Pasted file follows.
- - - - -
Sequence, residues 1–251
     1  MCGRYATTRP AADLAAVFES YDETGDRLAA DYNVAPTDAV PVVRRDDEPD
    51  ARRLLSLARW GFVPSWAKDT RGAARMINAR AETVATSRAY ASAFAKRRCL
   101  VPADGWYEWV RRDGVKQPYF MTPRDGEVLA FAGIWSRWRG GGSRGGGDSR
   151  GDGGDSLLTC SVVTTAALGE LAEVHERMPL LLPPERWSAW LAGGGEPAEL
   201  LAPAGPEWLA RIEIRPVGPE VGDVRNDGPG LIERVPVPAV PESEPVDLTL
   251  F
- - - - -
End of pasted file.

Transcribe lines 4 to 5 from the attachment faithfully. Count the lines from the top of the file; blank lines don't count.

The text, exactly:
   101  VPADGWYEWV RRDGVKQPYF MTPRDGEVLA FAGIWSRWRG GGSRGGGDSR
   151  GDGGDSLLTC SVVTTAALGE LAEVHERMPL LLPPERWSAW LAGGGEPAEL